Pentiment | game review
An unusual setting for a game makes for a great time.
Game summary: Walk in the footsteps of Andreas Maler, a master artist who finds himself in the middle of murders, scandals and intrigue in the Bavarian Alps. (Xbox.com)
My 'Best of 2022' post pretty much gave away what my opinion of Pentiment was going to be in this one, even if I hadn't finished at that time. I have now finished it and my opinion of it is even higher than it was then, confirming that I was correct about it being my favourite game of 2022. Saying that, while I enjoyed it immensely, it will absolutely not be for everyone and this is one of those occasions - which should be the standard - where what's written is more important than the score at the bottom of the page.
To start with, there's the art style, which is perfect for this game, matching illustrations from books of the time and a constant reminder of the 16th Century Germany setting (although Germany technically didn't actually exist yet as a nation). There might be some put off by how simple everything looks coming from a well-known developer like Obsidian, but you absolutely shouldn't let appearances put you off.
What might put a lot of people off Pentiment is the choice to have no voice acting, meaning there's a lot of reading to be done thanks to the huge amount of dialogue to get through. You're going to have to pay attention to all that text too, so don't think you can just click to get rid of and move on - there's very little point playing this game if you're not prepared to keep track of what people tell you.
And you will need to keep track as you attempt to solve multiple murders that take place over the course of 25 years in the small Bavarian town of Tassing that the game takes place in. There are multiple suspects for each incident, and it's going to take you trekking back and forth across the town and speaking to everyone who might have some information that can help to try and piece it all together.
Slight spoilers, but you should be aware that you don't ever find out if the two people you single out as the guilty parties for the first two incidents are actually responsible or not, so don't worry if you feel like you've missed something vital and failed - this isn't modern-day detective work where evidence and testimony can be examined and cross-examined to produce as exact an answer as you might like.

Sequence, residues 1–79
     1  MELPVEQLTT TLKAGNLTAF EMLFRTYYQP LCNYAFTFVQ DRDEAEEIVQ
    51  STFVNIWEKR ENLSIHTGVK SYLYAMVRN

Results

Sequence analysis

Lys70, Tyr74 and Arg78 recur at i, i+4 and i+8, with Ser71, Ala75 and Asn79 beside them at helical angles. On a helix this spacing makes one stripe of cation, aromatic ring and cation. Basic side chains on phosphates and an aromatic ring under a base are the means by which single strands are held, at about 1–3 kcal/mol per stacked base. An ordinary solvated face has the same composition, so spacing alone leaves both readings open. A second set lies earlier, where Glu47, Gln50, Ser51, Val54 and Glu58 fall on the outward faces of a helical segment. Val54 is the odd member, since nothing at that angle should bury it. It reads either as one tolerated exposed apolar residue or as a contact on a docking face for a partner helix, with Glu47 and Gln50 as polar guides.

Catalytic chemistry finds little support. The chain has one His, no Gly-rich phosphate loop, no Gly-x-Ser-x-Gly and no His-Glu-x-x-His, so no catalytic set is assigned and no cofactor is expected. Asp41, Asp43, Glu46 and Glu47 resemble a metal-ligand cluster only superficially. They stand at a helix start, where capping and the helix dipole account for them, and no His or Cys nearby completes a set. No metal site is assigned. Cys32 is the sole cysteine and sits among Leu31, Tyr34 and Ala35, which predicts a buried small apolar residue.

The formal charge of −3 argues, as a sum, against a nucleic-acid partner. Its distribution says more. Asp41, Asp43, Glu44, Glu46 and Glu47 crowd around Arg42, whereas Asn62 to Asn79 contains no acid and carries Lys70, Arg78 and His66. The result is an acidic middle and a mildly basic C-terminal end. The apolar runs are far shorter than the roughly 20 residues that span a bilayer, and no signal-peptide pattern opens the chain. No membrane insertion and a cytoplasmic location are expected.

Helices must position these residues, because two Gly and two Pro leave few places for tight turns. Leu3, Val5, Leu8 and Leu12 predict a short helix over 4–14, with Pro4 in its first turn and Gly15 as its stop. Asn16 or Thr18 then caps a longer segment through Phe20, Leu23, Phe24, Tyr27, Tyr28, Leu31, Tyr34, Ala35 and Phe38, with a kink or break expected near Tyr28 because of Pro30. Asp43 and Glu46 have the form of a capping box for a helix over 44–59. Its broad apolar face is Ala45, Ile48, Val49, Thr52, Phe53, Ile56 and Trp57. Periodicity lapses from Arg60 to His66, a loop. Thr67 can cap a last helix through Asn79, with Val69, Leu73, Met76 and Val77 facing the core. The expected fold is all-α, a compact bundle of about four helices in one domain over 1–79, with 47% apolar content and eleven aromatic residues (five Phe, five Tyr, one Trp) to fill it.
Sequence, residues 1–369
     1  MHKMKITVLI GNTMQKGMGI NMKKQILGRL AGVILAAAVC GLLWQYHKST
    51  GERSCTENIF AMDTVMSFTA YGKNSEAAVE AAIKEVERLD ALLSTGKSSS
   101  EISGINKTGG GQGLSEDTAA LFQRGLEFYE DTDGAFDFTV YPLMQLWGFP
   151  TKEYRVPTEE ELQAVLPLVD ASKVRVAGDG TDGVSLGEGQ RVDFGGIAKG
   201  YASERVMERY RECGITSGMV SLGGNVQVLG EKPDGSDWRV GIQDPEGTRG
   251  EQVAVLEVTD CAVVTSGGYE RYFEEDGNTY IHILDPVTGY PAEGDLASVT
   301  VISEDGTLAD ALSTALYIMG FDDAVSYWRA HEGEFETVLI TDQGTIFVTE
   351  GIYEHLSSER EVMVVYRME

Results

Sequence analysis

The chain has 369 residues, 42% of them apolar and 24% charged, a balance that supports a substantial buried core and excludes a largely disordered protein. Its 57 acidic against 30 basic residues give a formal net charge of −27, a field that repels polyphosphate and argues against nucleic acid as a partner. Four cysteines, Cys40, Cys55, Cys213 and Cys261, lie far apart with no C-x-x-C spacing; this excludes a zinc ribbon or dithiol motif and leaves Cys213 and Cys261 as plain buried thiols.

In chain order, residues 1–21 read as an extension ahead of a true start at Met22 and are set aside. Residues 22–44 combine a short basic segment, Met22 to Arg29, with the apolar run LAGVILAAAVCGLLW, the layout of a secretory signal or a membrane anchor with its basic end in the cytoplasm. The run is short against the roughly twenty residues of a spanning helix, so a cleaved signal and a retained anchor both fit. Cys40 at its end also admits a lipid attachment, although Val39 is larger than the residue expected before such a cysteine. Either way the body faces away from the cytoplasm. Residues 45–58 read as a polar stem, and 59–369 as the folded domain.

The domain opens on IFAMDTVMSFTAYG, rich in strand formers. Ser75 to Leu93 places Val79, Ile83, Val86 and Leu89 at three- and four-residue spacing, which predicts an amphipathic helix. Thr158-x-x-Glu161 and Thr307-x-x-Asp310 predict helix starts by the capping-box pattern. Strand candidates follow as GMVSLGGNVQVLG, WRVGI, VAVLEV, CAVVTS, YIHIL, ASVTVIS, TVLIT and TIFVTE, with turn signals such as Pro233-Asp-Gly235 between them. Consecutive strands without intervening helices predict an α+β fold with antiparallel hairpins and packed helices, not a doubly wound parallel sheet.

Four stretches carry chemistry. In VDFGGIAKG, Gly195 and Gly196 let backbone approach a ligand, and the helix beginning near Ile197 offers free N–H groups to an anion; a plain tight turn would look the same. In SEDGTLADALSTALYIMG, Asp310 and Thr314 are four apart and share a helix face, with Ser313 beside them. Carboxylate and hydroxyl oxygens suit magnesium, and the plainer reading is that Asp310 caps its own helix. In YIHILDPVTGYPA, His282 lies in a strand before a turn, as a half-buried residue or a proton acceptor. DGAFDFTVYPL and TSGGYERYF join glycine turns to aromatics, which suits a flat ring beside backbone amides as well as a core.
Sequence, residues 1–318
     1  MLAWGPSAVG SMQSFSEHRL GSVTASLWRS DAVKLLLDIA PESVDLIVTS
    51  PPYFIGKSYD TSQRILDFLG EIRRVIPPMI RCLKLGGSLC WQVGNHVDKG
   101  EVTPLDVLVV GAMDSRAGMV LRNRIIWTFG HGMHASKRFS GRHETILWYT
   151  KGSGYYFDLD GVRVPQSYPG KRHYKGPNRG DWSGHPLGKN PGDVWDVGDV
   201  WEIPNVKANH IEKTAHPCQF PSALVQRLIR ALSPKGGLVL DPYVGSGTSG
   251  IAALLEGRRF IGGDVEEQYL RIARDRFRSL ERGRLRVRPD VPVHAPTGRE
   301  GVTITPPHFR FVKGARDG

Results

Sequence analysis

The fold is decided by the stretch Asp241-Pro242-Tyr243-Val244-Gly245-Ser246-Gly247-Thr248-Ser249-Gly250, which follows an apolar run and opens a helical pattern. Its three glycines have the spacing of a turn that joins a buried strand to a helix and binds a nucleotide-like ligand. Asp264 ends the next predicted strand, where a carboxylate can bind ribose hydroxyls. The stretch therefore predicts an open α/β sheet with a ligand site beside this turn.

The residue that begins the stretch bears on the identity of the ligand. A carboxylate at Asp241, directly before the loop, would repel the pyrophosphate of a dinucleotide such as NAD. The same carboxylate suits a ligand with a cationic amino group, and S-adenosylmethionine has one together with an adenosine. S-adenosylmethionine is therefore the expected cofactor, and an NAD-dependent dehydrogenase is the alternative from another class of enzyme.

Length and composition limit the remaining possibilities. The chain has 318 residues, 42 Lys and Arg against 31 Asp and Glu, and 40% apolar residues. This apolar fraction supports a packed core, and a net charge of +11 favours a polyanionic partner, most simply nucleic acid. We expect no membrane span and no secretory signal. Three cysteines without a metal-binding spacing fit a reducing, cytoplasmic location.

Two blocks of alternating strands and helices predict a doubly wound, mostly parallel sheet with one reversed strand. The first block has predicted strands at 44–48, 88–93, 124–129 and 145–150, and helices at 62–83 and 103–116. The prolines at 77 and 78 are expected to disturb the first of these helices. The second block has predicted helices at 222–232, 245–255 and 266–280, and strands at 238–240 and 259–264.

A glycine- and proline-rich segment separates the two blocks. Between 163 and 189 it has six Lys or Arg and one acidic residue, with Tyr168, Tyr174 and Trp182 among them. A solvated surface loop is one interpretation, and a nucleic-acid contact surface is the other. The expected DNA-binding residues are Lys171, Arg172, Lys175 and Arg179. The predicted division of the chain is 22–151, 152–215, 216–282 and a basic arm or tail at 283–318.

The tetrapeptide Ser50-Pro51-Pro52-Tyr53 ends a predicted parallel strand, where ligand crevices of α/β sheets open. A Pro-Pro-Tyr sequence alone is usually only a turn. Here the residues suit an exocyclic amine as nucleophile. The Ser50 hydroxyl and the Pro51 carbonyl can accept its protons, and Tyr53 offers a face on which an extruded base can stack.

What Pentiment will remind you of though, is that how you treat the people you speak to and who you do accuse of being guilty will have repercussions that will carry across the years, affecting how the other characters react to you - you are going to piss people off, no matter what you choose. For the most part, this works and feels in keeping with the difficult lives the people of Tassing have to force you as the player to experience a difficult choice and harsh consequences too.
I do have to say that I'm not sure if I 'mis-played' the first part of the game, as it did feel like there wasn't really enough time to investigate all the potential suspects, leaving you floundering just as much as the player character, Andreas Maler, to provide answers when the time comes to punish the guilty. I didn't feel like I had any strong bias towards one suspect or another, but had so much to say about the one lead I did follow that the game took that as my answer.
After that, it wasn't an issue. For the second murder, even though you can't truly solve it, at least I got to explore every lead as much as I wanted to and fully investigate everyone who could've been responsible and being able to form an opinion based on far more information than the first time. That felt far more satisfying, even if it was quickly overshadowed by the violence and destruction that affected Tassing at that time.
I did also like that you could choose aspects of your character's background (quick note: Andreas isn't the only playable character in the game), which gives you more dialogue options depending on what you pick and making for a decent level of replayability if you want to choose to behave differently the next time around - the fact that you don't find out who was guilty of committing the murders means you can even choose different people to punish and see how the reactions of the town play out differently too.
Again, Pentiment is not going to be a game for everyone as it's quite slow-moving and the lack of definite answers - including the very short time you're given to investigate the first murder - might well prove off-putting to a lot of people, but I really, really liked it nonetheless. Then again, I do love games that allow you as the player to affect the story or change how the protagonist(s) behave, and this game does both excellently.
Pentiment is a great game that I would fully recommend as long as you go into it with the right expectations: this is committed to being a 16th Century murder mystery with a large cast of characters to get to know over a 25 year span, so don't go in expecting to just flash through it without paying attention to what's going on around you. Show a little patience and give it the time it deserves, and you'll be rewarded with a fantastic experience.